Pike & Sutton Album Review
Heart Is a Compass
By Doug Freeman, Fri., May 1, 2020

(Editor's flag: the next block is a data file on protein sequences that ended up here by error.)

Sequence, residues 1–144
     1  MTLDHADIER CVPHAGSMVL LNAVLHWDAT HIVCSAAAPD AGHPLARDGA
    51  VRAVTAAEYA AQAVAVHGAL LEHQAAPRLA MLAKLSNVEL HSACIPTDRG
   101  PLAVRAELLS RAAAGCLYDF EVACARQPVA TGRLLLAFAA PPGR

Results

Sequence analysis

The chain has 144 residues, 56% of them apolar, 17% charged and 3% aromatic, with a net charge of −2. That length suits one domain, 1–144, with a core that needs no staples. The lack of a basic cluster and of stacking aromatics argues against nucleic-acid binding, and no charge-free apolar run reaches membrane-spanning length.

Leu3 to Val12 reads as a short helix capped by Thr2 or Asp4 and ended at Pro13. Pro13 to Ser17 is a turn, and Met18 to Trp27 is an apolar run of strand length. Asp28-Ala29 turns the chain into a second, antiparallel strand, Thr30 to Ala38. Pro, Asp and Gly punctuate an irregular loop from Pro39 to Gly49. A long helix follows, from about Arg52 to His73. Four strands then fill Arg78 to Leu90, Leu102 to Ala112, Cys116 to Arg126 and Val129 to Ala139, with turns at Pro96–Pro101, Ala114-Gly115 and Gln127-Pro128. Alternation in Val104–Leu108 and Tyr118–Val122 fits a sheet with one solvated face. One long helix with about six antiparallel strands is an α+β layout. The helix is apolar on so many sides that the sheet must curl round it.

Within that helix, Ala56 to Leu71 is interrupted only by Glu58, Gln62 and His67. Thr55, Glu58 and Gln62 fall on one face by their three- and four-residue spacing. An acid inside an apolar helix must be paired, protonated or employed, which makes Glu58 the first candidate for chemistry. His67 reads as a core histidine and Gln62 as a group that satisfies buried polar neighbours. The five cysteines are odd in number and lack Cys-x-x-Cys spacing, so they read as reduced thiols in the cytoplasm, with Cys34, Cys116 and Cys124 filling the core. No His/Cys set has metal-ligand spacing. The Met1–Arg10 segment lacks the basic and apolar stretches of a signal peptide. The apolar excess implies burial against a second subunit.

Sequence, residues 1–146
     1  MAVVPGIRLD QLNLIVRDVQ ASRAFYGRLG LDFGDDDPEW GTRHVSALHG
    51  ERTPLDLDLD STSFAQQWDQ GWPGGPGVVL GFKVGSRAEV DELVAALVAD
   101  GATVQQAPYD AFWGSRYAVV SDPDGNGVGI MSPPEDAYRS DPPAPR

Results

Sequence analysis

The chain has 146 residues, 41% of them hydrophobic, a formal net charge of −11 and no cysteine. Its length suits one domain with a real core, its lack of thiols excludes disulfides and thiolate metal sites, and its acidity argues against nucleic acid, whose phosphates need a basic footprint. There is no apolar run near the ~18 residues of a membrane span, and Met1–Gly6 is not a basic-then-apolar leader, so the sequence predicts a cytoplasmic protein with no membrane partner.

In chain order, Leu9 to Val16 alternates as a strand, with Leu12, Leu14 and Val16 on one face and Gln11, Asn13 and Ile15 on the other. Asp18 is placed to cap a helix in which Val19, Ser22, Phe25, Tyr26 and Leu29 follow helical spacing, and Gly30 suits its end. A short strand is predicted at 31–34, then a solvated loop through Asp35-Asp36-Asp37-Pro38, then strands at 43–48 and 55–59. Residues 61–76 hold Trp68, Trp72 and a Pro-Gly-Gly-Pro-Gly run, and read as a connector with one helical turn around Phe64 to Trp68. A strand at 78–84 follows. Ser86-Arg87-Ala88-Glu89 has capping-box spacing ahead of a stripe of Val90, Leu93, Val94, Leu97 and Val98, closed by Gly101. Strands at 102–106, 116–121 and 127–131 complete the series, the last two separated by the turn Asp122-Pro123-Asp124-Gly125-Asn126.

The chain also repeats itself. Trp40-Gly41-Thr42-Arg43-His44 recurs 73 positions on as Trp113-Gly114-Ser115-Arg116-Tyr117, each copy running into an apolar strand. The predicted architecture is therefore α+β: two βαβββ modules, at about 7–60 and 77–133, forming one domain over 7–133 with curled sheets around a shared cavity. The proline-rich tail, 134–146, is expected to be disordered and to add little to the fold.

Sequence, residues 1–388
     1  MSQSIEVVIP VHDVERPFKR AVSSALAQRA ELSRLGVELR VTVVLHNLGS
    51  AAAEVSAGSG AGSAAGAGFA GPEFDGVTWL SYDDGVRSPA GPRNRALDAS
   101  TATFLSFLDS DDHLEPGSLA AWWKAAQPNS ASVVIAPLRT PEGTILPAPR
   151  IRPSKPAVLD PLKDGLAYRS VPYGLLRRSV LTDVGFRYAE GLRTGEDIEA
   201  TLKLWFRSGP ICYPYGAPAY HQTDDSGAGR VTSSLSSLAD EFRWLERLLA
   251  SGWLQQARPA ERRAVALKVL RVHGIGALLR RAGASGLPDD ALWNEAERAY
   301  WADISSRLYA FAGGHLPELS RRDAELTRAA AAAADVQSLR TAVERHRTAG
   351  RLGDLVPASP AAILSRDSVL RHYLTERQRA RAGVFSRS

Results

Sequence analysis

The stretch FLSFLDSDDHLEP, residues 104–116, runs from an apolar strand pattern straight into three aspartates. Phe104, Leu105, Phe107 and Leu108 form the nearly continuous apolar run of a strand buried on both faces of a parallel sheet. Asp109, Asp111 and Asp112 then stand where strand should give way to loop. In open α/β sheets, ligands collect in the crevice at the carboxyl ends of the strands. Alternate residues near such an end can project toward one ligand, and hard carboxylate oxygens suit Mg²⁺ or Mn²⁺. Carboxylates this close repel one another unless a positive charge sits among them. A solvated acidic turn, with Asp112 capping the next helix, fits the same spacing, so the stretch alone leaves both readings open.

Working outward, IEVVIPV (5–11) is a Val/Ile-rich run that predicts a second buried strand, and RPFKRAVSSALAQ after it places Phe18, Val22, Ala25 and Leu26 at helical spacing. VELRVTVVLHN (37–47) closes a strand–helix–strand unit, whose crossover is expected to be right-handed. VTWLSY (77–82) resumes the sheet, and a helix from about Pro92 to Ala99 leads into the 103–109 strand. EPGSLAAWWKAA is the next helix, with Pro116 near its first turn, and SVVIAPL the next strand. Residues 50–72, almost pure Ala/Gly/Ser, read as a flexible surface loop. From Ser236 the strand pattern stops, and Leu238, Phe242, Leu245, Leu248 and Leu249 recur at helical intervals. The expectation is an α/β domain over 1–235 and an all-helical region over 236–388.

Great chemistry doesn't break, and in the case of Austinites Patrice Pike and Wayne Sutton, those bonds over three decades catalyze into the exceptional alloy of their first LP as a duo. The elements that raised their late-century blues jams to major label success with Sister 7 still swagger in Pike's undeniably loaded vocals and Sutton's subtly ripped guitar, yet Heart Is a Compass bestows a maturity and trust to let their compositions find their grooves and follow. Those directions vary sharply across 11 tracks, from the opening blues ballad statement that swirls behind "Let the Music Get You High" to the funky town litany of "Communal." Sutton gets his licks in, most notably on nearly seven-minute centerpiece "Hands Up," even as Jim Watts keeps production tight and focused. Some moments feel dated in their Nineties AOR sound, but those instances strike more as touchstones than pulling anchors as the pair stretches out into the slinky title track and wicked, warped pop percussion of "Moonbeam." Heart Is a Compass bolsters the catharsis of an expert and natural pairing returning to the studio, knowing how to compliment and pull the best from each other.